WASHINGTON â€”Â The deadly bird flu virus that devastated the poultry industry last spring andÂ sent egg prices soaring could reappear, even though noÂ new cases have been detected for months, according toÂ Agriculture Secretary Tom Vilsack.
â€œIt can happen at any time,â€ Vilsack said in a recent interview. â€œThere obviously are times when (the risk)Â is higher and lower, but I think the testing and the vigilance has to be ongoing.â€
It’s beenÂ more than six monthsÂ since the last case of avian influenza was found in a commercial flock– inÂ Wright County, Iowa in June. But Vilsack said there are concerns that the arrival ofÂ spring â€” when birds start flying north â€” will likely presentÂ theÂ greatest risk for recurrence.
“Every day that goes by (without a bird flu finding)Â is a good day,” he said.
Earlier this year, the diseaseÂ destroyed nearly 50 million farm birds. Iowa, the nationâ€™s largest egg producer, lost 31.5Â million birds across 18 counties, including about 30Â million laying hens and pullets and 1.1 million turkeys.Â The virus cost the stateâ€™s economy $1.2 billionÂ through lost egg, chicken and turkey production, as well as lost wages and tax revenue, according to a study commissioned by the Iowa Farm Bureau Federation.
The rapid spread of the virus posed a challenge that at timesÂ seemedÂ overwhelming, asÂ USDA andÂ state officials struggled to quickly dispose of dead birds in the hardest-hitÂ areas. Some poultry operations failed to closelyÂ follow biosecurityÂ measures to help curtail the spread of the disease.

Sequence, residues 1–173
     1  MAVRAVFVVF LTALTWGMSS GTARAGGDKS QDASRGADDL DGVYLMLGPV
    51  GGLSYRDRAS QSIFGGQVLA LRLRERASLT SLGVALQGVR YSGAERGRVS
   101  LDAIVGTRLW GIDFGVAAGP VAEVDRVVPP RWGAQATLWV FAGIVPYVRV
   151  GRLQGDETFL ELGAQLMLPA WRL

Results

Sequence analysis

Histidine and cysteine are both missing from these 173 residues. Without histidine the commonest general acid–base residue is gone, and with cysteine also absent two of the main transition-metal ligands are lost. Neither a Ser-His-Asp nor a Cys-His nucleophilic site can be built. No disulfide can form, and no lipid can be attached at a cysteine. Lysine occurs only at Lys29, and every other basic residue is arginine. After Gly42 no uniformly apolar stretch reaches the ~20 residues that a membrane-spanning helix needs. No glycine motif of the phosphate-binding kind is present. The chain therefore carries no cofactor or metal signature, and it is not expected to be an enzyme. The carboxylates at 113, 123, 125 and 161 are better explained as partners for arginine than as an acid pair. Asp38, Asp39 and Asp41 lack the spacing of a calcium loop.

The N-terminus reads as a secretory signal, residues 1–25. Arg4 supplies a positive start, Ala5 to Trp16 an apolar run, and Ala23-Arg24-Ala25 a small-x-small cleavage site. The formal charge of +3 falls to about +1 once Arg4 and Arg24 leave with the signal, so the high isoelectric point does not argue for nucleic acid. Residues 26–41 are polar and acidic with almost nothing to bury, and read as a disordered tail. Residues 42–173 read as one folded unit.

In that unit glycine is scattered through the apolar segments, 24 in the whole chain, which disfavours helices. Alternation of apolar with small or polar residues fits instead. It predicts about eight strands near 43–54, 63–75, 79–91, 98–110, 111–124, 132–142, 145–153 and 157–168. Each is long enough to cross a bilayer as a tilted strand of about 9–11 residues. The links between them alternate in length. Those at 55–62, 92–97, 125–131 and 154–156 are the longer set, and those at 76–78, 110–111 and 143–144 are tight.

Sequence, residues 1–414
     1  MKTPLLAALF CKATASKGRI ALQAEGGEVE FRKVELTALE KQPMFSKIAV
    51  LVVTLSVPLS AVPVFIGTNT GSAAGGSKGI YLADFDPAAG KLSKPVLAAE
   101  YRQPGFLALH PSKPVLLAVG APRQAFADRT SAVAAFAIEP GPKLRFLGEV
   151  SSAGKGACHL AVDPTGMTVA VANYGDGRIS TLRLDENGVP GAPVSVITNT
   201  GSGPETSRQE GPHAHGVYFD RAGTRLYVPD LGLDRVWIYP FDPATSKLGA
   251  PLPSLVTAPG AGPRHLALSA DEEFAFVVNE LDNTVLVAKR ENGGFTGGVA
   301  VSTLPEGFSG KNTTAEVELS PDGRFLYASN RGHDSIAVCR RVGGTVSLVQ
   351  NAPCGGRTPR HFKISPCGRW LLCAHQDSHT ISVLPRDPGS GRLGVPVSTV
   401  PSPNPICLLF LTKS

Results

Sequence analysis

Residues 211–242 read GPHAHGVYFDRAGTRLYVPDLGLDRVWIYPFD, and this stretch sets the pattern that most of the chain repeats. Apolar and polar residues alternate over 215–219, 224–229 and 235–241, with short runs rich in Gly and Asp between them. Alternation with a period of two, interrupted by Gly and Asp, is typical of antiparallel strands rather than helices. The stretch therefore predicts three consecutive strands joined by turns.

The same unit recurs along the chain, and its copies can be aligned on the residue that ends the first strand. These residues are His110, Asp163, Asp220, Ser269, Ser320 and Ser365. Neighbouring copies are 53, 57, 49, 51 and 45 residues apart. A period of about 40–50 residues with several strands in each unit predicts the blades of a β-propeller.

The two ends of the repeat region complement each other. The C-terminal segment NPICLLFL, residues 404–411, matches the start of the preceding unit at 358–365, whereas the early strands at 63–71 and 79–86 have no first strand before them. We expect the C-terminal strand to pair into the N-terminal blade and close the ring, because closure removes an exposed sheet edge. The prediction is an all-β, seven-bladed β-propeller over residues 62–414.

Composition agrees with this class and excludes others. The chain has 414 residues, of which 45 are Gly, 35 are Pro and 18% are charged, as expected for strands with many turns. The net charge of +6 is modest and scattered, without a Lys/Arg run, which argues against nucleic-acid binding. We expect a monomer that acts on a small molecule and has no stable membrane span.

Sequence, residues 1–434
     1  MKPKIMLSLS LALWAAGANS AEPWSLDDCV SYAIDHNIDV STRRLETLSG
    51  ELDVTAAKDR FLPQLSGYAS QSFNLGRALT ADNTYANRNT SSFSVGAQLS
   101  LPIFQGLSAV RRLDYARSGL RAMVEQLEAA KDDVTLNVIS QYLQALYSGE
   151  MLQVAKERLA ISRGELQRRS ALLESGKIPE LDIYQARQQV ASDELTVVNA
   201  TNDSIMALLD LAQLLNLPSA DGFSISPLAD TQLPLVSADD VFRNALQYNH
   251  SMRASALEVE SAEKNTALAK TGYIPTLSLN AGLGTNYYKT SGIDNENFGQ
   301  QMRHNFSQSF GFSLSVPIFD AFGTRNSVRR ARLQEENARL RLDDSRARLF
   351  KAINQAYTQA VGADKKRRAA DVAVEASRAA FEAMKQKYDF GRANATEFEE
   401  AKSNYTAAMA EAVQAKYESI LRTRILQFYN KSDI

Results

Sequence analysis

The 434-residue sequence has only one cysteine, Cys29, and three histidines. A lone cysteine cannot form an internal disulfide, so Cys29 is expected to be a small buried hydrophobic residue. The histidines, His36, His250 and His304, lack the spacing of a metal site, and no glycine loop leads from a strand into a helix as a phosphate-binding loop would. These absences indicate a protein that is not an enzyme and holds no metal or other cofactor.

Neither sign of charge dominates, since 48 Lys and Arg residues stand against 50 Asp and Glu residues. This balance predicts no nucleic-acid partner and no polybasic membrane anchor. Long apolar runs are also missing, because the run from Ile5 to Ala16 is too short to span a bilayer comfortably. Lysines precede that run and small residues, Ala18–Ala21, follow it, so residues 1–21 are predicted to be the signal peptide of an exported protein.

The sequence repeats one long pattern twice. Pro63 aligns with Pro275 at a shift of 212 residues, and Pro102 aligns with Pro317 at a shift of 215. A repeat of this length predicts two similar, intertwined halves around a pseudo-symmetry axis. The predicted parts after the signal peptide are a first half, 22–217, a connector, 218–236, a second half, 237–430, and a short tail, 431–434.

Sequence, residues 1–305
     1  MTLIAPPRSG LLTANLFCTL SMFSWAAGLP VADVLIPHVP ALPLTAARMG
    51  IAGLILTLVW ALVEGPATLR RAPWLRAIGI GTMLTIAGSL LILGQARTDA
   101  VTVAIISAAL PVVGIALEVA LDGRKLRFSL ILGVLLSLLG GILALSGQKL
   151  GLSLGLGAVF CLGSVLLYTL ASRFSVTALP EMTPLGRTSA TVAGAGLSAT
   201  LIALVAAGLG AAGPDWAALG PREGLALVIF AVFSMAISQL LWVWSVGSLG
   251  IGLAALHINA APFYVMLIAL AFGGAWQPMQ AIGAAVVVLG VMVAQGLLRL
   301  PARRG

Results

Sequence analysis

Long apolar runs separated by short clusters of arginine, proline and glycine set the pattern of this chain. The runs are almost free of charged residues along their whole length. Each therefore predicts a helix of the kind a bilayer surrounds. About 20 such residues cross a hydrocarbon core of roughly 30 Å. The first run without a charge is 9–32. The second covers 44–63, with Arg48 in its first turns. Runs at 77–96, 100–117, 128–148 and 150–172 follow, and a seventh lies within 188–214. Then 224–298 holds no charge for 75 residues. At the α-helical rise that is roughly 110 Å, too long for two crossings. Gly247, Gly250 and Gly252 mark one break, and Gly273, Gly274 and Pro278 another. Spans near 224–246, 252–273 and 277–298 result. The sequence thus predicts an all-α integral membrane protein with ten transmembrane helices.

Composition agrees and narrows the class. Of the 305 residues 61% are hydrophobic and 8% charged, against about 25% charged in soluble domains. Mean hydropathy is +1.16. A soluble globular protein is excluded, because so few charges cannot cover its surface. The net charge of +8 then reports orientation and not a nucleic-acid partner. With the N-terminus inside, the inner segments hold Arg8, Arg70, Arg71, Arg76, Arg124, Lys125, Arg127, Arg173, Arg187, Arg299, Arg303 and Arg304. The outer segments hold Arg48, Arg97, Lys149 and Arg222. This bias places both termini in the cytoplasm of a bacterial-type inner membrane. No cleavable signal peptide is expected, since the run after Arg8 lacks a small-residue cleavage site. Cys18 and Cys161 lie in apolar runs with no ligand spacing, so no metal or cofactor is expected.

Since last spring, officials have studied what worked during the outbreak and what needsÂ improving. Biosecurity efforts have been strengthened at poultry operations, and the USDA has stockpiled vaccines.
Many were bracingÂ for theÂ virus to recur whenÂ birds migrated south for the winter, but that apparently hasn’t happened so far.Â John Clifford, USDA’sÂ chief veterinary officer.Â said in October that if the virus doesn’t returnÂ by early January, â€œwe probably should be in pretty good shapeâ€ before attention turns to theÂ spring.
Vilsack said the poultry industry and federal agriculture officials “together learned lessons.”
“I thinkÂ given the suddenness of this, it would be hard to be overly critical,â€ he said. â€Having said that, if it re-emerges, the test will be whether or not we learned from that earlier experience and whether we do any better job than before.â€
The USDA spent about $1 billion on the outbreak. ThatÂ included costs for surveillance, testing, cleaning, disinfecting and disposal as well asÂ $200 million in indemnity payments helpingÂ farmers cover their losses. USDA has hired hundreds of veterinarians and other temporary workers to respond to any future outbreak and is working with state officials to take 41,000 samples fromÂ wild fowlÂ through March.